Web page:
New Delhi- The Centre has said that if the Supreme Court decides on the issue of media regulation, then such an exercise should be undertaken with the digital media first as it has faster reach and information has the potential to go viral due to applications namely WhatsApp, Twitter and Facebook.
The government told the Apex Court that sufficient framework and judicial pronouncements existed for the electronic and the print media.
“Considering the serious impact and the potential, it is desirable that if this court decides to undertake the exercise, it should first be undertaken with regard to digital media as there already exists sufficient framework and judicial pronouncements with regard to electronic media and print media,” said the counter affidavit, filed by the Ministry of Information and Broadcasting.
“It is submitted that while in a mainstream media (whether electronic or print), the publication or telecast is a one-time act, the digital media has faster reach from a wider range of viewership or readership and has the potential to become viral because of several electronic applications like WhatsApp, Twitter and Facebook,” it said.
The affidavit was filed in a pending matter in which the top court is hearing a petition which has raised grievance over Sudarshan TV’s ‘Bindas Bol’ programme whose promo had claimed that channel would show the ‘big expose on conspiracy to infiltrate Muslims in government service’.
A bench headed by Justice DY Chandrachud had on September 15 restrained the channel from telecasting its episodes of a programme for two days, saying “the intent” of aired episodes “prima facie” appears to “vilify” the community.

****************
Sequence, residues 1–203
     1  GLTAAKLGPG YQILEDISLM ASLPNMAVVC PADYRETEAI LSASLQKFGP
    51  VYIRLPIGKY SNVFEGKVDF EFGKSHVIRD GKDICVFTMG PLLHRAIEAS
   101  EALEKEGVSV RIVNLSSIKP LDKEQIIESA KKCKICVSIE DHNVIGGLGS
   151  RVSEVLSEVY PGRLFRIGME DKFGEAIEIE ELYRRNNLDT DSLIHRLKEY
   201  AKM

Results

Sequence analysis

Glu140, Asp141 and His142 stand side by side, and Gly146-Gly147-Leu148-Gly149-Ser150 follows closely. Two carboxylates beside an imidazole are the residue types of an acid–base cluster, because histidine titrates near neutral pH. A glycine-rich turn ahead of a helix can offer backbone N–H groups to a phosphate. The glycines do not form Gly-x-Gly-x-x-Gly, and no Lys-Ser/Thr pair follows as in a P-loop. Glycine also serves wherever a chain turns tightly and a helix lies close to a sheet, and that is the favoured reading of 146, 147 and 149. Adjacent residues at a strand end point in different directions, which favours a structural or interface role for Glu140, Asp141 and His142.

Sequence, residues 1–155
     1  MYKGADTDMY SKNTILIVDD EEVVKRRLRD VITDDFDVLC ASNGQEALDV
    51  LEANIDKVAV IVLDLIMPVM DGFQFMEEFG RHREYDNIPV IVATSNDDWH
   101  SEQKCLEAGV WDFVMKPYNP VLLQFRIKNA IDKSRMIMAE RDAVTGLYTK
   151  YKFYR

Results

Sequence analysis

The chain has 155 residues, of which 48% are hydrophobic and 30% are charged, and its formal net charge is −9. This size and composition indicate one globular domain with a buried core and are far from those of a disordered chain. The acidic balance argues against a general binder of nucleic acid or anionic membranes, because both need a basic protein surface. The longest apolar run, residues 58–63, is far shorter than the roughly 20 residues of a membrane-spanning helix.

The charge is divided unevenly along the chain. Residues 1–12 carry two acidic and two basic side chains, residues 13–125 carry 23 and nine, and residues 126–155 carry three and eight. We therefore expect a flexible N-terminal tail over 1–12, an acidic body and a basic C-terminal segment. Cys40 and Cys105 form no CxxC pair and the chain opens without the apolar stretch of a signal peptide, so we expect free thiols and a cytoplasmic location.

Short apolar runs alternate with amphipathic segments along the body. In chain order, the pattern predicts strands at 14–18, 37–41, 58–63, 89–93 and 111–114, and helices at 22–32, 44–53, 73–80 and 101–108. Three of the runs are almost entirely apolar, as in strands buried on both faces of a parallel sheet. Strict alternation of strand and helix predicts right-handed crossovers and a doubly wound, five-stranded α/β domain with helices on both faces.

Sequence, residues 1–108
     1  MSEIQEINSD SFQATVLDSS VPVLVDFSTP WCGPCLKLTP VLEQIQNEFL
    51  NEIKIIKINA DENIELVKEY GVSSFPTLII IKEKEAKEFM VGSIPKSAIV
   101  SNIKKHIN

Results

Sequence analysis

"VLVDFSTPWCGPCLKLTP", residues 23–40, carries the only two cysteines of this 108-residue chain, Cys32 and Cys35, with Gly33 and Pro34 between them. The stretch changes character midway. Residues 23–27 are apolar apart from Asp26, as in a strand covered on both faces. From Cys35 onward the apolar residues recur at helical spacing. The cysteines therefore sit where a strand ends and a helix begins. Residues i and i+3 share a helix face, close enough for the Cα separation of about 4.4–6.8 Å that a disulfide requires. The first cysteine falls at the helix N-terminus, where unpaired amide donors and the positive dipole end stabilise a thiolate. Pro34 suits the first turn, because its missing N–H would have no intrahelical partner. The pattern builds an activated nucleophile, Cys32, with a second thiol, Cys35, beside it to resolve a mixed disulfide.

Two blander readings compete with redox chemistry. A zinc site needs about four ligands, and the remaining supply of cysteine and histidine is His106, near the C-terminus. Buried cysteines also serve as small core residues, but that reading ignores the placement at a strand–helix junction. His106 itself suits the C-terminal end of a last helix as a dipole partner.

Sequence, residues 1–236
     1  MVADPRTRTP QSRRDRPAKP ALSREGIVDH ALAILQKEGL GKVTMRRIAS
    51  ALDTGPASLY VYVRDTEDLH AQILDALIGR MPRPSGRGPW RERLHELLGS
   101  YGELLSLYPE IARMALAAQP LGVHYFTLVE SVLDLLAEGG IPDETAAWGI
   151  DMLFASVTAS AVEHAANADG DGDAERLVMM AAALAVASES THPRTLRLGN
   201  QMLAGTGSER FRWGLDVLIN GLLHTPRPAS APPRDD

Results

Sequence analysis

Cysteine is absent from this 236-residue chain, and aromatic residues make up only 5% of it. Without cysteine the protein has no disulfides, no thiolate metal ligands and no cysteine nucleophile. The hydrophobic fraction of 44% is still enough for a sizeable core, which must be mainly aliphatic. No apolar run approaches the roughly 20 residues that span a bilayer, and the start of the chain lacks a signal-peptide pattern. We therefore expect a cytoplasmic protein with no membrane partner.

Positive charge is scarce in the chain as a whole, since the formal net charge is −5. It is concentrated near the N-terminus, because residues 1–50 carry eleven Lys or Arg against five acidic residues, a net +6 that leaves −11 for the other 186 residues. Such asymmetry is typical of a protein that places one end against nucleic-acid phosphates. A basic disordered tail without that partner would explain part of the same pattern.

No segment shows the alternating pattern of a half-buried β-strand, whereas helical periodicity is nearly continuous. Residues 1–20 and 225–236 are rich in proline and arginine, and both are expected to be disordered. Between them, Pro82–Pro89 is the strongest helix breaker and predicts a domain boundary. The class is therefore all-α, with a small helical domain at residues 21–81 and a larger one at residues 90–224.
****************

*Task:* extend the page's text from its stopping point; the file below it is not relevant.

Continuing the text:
The bench had suggested that a committee of apolitical experts of distinguished citizens or former judges may be appointed to help in self-regulating the electronic media especially.
The Apex Court is scheduled to hear the matter today.
In its affidavit, the Centre has said: “Subject matter of the present petition namely balancing between the journalist freedom and responsible journalism is a field already occupied either by the statutory provisions made by the Parliament or by the judgments of this court.”
“It is respectfully submitted that in view of the issue having already received the attention of the Parliament, as well as, of this court, the present petition be confined to only one channel namely Sudarshan TV and this court may not undertake the exercise of laying down any further guidelines with or without the appointment of an amicus or a committee of persons as amicus,” the affidavit said.
It said that situation in each case shall have to be decided on a case-to-case basis and a broader exercise “which is too general in nature is neither warranted nor permissible”.
The affidavit said: “Even if this court considers it appropriate to undertake the said exercise, there is no justification to confine this exercise only to mainstream electronic media. The media includes mainstream electronic media, mainstream print media as well as a parallel media namely digital print media and digital web-based news portal and YouTube channels as well as ‘Over The Top’ platforms (OTTs).”
Referring to earlier verdicts delivered by the Apex Court, the affidavit said it laid down the correct legal proposition requiring no general exercise to be undertaken merely based upon one episode or few episodes of a channel.
Separately, Sudarshan TV has also filed an affidavit in the apex court and claimed that it had no ill-will against any community or any individual and the programme concerns a matter of grave national interest.
The channel claimed that it has used word such as ‘UPSC Jihad’ in its programme as an institute for the Muslim UPSC aspirants had received foreign funds, also from those which are linked to organisations that allegedly funds extremist groups.
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